How much has law school admissions changed in the last 5 years?

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Hakki

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How much has law school admissions changed in the last 5 years?

Post by Hakki » Thu Jun 04, 2020 11:00 am

I graduated from law school 3-5 years ago.

A friend just asked if his brother could talk to me about law school admissions. Has anything really changed since then, other than some law schools now accepting the GRE? Like if I talk about LSAT/GPA medians and quartiles, and admissions being largely not holistic, does that still hold true?

Any recent developments I should know about before I talk to him?

Thanks!

BrainsyK

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Re: How much has law school admissions changed in the last 5 years?

Post by BrainsyK » Thu Jun 04, 2020 11:58 am

It went from somewhat easy to pretty tough. I'll take my law school, Columbia, as an example, but you'll see these trends across the spectrum.

In Fall 2015, LSAT range was 168/171/173. This makes sense as this was when biglaw salary was the most deflated in value because it hadn't risen since `07. Further, the economic was in full-on recovery mode so people had other options.

In Fall 2016, LSAT range was 168/172/174. This was after NYC went to $180k, but again the economy was still on fire.

In Fall 2017, LSAT range was 169/171/173. This was after Trump's election, but the people who were admitted applied before the Trump election and the economy was hot as the sun.

In Fall 2018, LSAT range was 170/172/174. This was typically the normal range for the 2000s so I considered this the "standard" range. However, GPA range was 3.63/3.75/3.84 compared to a historical ~3.6/~3.7/~3.8 so not only did the LSAT scores go back to "normal" but GPA actually went up. This was the "Trump Bump."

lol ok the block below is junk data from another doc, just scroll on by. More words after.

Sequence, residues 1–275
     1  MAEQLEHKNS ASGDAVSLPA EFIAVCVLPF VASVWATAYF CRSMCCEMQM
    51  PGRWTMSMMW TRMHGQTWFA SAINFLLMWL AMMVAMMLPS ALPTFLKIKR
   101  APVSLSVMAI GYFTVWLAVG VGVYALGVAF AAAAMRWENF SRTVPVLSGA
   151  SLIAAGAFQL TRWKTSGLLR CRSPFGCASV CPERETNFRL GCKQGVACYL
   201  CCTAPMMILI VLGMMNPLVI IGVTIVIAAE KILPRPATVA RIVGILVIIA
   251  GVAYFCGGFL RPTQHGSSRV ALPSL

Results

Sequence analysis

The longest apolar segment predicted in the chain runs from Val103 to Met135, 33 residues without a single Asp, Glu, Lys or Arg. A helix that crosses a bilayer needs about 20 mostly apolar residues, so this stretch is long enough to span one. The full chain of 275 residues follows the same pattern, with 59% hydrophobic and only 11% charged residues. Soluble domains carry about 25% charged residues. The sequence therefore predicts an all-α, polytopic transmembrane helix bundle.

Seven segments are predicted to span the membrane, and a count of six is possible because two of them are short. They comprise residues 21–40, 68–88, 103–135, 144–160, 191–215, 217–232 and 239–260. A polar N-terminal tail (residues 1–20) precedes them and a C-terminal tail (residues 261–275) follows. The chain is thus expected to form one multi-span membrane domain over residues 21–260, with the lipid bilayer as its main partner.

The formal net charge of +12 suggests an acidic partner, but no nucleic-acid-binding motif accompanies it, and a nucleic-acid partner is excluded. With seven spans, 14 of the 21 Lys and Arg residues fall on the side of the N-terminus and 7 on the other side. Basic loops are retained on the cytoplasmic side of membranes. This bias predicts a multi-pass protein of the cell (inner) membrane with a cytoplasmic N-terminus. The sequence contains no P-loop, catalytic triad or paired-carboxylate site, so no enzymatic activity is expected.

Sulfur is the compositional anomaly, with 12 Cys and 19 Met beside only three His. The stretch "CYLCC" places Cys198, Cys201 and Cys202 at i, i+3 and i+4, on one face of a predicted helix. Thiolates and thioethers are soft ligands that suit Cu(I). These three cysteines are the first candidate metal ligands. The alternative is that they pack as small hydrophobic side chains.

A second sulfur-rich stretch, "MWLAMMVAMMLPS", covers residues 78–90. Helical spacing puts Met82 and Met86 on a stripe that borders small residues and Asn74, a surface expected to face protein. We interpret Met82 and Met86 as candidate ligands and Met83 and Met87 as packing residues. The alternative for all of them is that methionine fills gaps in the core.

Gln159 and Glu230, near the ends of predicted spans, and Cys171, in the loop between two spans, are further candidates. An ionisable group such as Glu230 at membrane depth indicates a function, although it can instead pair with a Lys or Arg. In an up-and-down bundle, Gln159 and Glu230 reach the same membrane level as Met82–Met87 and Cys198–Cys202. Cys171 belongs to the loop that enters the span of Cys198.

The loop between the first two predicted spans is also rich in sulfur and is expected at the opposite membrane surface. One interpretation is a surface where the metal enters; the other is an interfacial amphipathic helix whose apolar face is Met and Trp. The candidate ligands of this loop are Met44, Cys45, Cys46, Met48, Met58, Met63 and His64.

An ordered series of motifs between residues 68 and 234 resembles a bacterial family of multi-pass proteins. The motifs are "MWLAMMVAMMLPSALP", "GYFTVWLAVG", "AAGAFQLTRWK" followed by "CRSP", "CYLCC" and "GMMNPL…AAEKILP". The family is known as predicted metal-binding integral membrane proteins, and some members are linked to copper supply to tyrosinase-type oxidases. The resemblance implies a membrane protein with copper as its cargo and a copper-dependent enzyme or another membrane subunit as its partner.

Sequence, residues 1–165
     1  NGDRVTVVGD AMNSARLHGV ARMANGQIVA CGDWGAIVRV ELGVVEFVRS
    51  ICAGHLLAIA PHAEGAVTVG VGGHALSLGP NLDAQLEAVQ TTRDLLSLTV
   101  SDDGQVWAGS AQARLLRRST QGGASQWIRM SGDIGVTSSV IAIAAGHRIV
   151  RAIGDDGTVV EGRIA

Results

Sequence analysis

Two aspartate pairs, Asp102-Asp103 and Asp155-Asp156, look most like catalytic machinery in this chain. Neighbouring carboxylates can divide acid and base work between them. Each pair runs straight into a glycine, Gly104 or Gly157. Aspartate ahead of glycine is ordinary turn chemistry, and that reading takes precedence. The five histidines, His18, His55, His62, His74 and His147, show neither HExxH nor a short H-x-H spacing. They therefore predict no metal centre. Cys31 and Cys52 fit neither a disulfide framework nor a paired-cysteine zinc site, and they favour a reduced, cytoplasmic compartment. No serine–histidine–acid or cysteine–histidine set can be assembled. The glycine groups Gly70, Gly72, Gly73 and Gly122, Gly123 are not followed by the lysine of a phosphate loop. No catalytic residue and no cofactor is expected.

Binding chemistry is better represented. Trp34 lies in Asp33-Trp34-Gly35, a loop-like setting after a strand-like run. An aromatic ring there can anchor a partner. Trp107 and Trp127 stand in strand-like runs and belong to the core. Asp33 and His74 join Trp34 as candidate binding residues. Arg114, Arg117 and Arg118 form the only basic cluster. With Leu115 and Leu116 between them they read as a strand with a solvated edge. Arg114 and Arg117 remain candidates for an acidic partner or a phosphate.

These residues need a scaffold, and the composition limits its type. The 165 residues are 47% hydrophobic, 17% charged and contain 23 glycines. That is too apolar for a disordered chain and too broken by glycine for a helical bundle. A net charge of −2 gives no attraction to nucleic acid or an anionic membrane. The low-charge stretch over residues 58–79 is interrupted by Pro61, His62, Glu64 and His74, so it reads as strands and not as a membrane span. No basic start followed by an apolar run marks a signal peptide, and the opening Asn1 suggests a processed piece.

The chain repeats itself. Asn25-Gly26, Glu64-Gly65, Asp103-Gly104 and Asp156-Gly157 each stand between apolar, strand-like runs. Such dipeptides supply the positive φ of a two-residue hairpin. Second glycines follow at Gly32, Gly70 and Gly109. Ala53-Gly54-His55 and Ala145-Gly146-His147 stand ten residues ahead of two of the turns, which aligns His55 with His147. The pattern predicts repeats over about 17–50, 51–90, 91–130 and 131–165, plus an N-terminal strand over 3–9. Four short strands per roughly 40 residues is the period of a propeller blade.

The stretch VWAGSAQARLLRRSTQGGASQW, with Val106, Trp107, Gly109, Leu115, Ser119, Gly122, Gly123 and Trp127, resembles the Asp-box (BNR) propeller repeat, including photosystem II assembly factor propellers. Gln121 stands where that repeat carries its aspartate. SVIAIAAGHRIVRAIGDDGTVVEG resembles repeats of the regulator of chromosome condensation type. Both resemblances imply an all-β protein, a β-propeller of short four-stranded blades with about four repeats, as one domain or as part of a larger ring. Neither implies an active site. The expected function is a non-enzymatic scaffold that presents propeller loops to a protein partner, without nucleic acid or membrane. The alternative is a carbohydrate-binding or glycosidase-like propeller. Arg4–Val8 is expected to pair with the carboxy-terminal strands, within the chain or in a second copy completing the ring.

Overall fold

Now, Fall 2020, but for the fact that most law schools will be virtual, I think the best precedent to look to would be Fall 2010, near the trough of the last recession, which had an LSAT range of 170/172/175, which is about as high as it ever got as people seek to hide out in law school for a few years while things recover.

Overall, 3 (actually 4 since I didn't bother with Fall 2019) of the last 5 classes to matriculate have been weaker based on entering statistics than what is "normal." My guess is that within the increased pool of applicants caused by the GRE and the recession, the weight of which is somewhat lessened by COVID, the entering statistics will go back up again to near if not at Fall 2010 levels, which means slightly less chance of being admitted, being admitted to slightly worse schools, or receiving slightly few dollars in aid.

I do appreciate the weak matriculating classes though. It's how I got into Columbia so I can't hate on it. It would've been a reach for me if I applied in the early 2010s, but for a few years, they were taking everyone who has a 170/3.7 who applies ED, which is how I got admitted.

dvlthndr

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Re: How much has law school admissions changed in the last 5 years?

Post by dvlthndr » Thu Jun 04, 2020 12:12 pm

It’s pretty much the same. The same handful of schools *might* be worth it if you are paying full price. There is the same emphasis on LSAT/GPA. The medians may have fluctuated a bit, but nothing crazy.

Applying with the GRE might be new, but it’s not used by many people, and is still a bit of a black-box for admissions (e.g., nobody will give you a straight answer on how it impacts your chances at scholarships etc.) Outside of some weird edge-case, the standard advice is to just suck it up and take the LSAT.

Hakki

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Re: How much has law school admissions changed in the last 5 years?